Are some file formats faster than others? There are many different image file formats out there, and they all have different features. But when you queue up your composition to render and choose a Prores or MP4, or a TIFF or a JPG, the last thing you’re probably thinking about is if rendering one format is faster than another…
But the performance differences between the various formats are quite significant, and not something that should be ignored. Take a second to think about hardware upgrades. If your render takes 15 minutes, how much would you spend to make it take 10 minutes, or 5 minutes? If you can get a 15 minutes render down to only 90 seconds, then you’ve made it 10 x faster. That’s a pretty big improvement, and would represent several generations of hardware and potentially thousands of dollars.
But what if you can get the same increase in performance just by choosing a different file format? For free, right now, with no new hardware?
If you’re using PNG files, then you can. All you have to do is stop using them.
The video has all the details, but here’s the summary.
A few years ago I wrote an extensive series on After Effects & Performance, which spans 18 articles and about 100,000 words. As part of that series, I tried benchmarking various file formats to see if there was much of a performance difference between them. To my surprise, I discovered that PNG files are really, astonishingly slow. Much slower than any other file format.
In one test, the PNG render was over 20 times slower than other formats such as JPEG, TIFF and Prores. While I wrote about the results in Part 14 of the Performance series, the incredible slowness was so unexpected that I wondered if it was a bug. But apparently not.
It was so surprising that I always intended to re-check the results again, which is what I’ve done here. These are simple benchmarks that only test the speed differences of the various file formats themselves – there’s no other image processing or effects rendering going on.
The test renders were only 50 frames long, but that was still enough to demonstrate clear differences in rendering times between the various formats. Although I also tested rendering at various bit depths, there was hardly any performance difference here. This was surprising to me, but also good to know. While plugins and other image processing can be slower when working in 16 or 32 bit modes, it’s nice to know that file formats themselves don’t seemed affected.
Benchmarking properly is hard, but also very tedious. Some of the render times here vary by only 1 or 2 seconds. If I’d run the same tests multiple times and averaged the results, I’m pretty sure those differences would disappear. It’s not unusual to try rendering the same thing many times and have the times vary by a second or two.
But the difference between 15 minutes and 2 minutes? That’s not going to disappear.
Are we the bad guys?
One of the motivations for testing different file formats is the persistent notion that EXR files are slow, or at least extra slow in After Effects. This is also something that I have written about extensively, first in 2018 and more recently when I looked at the DWA compression type.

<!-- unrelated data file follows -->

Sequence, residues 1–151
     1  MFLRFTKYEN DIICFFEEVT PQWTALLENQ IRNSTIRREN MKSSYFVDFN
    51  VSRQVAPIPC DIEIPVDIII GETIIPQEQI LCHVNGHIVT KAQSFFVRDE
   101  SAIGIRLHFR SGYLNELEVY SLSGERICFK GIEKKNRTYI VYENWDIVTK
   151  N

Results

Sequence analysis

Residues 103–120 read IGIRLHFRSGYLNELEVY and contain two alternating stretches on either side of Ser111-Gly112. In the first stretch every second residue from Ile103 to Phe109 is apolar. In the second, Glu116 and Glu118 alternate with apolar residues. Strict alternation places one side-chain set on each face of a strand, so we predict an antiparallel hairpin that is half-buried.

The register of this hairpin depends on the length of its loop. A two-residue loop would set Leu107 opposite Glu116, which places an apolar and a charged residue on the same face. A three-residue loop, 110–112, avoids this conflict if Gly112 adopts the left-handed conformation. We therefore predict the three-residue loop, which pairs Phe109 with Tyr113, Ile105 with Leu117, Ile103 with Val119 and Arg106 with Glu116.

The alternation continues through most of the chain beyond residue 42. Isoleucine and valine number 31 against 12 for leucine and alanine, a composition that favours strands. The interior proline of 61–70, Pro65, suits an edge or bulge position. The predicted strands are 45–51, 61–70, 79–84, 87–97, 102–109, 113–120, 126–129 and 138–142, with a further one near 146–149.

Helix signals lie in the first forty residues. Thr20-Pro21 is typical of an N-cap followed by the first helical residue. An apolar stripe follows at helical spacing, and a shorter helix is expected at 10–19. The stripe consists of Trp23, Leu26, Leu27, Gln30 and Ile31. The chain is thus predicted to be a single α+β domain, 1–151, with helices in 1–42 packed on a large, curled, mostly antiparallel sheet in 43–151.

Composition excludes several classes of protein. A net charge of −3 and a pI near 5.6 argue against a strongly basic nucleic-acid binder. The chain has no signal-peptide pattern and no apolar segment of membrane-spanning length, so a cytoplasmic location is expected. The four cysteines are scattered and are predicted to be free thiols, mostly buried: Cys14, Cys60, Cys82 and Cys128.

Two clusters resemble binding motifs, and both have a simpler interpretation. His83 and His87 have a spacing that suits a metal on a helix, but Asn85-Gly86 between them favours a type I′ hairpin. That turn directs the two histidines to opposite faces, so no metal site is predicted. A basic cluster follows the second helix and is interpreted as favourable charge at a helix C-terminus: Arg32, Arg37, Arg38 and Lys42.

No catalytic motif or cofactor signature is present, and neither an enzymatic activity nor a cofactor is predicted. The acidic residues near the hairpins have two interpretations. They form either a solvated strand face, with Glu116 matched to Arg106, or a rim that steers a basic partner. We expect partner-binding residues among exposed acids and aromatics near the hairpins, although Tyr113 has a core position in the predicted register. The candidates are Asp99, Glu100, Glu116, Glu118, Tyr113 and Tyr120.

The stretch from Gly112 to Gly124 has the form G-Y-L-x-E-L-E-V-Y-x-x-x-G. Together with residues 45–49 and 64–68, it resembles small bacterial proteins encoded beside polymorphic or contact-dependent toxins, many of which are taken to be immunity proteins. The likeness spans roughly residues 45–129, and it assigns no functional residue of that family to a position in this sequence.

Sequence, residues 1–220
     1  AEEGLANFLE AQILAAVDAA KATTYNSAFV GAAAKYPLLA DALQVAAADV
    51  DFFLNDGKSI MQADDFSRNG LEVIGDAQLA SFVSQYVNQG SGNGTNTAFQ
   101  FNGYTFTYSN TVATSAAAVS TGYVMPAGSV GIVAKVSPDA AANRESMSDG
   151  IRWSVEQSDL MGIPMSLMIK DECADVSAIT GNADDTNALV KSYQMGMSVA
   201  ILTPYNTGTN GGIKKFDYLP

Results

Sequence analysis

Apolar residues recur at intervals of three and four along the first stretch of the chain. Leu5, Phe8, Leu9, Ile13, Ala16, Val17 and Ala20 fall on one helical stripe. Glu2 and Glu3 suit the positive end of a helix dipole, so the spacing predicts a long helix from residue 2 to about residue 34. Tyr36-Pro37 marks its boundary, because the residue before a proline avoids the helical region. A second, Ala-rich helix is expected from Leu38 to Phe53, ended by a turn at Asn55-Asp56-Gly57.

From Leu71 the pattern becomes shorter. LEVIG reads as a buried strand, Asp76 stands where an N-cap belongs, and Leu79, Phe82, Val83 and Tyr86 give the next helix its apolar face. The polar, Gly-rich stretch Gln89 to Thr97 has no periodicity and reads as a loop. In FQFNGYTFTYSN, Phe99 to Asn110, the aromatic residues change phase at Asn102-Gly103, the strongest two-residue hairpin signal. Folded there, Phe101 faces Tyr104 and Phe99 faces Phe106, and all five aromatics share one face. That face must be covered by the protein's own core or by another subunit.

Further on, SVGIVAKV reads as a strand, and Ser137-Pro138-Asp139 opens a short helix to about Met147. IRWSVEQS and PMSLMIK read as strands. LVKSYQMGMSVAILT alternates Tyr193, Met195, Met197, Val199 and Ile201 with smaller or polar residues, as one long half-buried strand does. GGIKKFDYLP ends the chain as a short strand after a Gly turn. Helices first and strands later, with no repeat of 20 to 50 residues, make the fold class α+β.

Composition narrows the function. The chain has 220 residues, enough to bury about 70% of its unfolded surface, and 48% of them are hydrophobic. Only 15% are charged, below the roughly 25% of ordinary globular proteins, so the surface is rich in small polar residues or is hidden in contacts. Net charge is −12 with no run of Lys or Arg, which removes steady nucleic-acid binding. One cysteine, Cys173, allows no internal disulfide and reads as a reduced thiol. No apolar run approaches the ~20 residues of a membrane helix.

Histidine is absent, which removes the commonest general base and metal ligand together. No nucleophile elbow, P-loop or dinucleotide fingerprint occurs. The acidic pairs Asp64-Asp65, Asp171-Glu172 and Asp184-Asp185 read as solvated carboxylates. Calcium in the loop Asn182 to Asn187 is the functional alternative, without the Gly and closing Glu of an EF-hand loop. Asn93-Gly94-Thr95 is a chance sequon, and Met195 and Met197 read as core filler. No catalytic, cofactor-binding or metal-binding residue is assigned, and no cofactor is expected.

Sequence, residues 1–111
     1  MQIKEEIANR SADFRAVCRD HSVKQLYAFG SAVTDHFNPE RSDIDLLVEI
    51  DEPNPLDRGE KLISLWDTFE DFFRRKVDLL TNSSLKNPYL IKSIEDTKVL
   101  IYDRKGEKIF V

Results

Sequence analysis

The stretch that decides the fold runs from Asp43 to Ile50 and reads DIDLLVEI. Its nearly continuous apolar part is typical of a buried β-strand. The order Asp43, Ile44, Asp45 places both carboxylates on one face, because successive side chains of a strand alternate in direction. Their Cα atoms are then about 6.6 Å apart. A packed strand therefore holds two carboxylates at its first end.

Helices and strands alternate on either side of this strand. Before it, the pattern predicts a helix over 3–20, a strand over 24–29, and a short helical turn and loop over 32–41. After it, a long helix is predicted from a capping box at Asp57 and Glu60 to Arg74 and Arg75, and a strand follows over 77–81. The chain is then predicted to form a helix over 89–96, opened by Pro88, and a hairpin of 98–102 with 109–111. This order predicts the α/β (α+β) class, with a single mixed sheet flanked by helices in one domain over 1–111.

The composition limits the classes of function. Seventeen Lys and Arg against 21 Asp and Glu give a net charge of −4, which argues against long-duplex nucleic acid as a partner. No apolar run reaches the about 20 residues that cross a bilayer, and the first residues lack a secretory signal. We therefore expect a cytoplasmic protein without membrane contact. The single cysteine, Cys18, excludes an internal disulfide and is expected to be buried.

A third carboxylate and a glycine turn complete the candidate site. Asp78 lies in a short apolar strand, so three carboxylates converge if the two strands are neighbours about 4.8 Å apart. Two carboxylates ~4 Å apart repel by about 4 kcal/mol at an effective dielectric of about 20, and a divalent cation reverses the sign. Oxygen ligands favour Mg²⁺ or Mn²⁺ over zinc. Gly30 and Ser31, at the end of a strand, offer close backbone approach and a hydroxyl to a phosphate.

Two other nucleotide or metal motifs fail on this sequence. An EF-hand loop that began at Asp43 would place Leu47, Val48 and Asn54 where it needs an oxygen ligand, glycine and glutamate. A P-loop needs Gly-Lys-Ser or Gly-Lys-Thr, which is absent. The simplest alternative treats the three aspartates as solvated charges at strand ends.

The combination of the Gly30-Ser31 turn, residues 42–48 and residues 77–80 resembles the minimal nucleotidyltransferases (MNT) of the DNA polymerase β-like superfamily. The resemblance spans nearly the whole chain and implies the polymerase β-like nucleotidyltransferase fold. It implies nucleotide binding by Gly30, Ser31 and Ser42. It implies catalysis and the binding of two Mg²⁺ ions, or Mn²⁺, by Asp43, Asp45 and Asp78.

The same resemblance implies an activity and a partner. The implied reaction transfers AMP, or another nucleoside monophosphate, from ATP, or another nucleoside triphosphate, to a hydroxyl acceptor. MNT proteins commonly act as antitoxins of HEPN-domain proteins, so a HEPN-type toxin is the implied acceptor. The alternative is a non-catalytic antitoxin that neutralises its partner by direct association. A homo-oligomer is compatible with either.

Up until 2019, there was some truth to this rumor. There was a bug in the way that After Effects dealt with some types of EXR files, which made them very slow. The bug only affected multi-channel EXRs, and only once they got to a certain file size, so a small EXR file with only RGBA channels would be fine. This is probably why it took so long for the bug to be discovered. For After Effects 2018 and 2019, you could manually install an updated version of the EXR plugin to work around the bug, and then Adobe completely overhauled EXR support with the release of After Effects 2020.
This is a pretty important thing to understand.
EXR support in After Effects was completely overhauled more than three years ago, and any suggestion that EXRs are slow is now simply wrong.
The EXR file format was developed by Industrial Light & Magic specifically for digital visual fx, and it remains the industry standard file format for vfx and high-end post production. Anyone working with HDR images, or with 32bit floating point projects in After Effects should be using EXR files. It’s a no-brainer.
Really, the question is why would you use PNG files? There’s a word for anyone who suggests you should use a PNG file and that word is “wrong”.
If you want to render to an 8 bit image sequence with an alpha channel, at least use TIFFs. You can choose to use LZW compression to keep the file size down and they’re massively faster than PNGs. Without LZW compression, they’re even faster but the file sizes will be much larger.
So the lesson is simple:
Don’t use PNGs!
The EXR format actually offers several different types of image compression, including zip. My own preference is to use the DWA algorithm, which I write about here. Maybe I’ll try some more benchmarks specifically looking at EXR compression in the future…
There are lots of graphs in the video above, and to save you trying to hit the pause button at the right time, I’ve included most of them below.
Bear in mind that these are relatively short renders – 50 frames only – and as mentioned above, variations of 1 or 2 seconds are pretty normal. But not 800 seconds. That’s not normal.
Anyway I’ve been writing After Effects articles and tutorials for over 20 years, so please take the time to check out my other articles.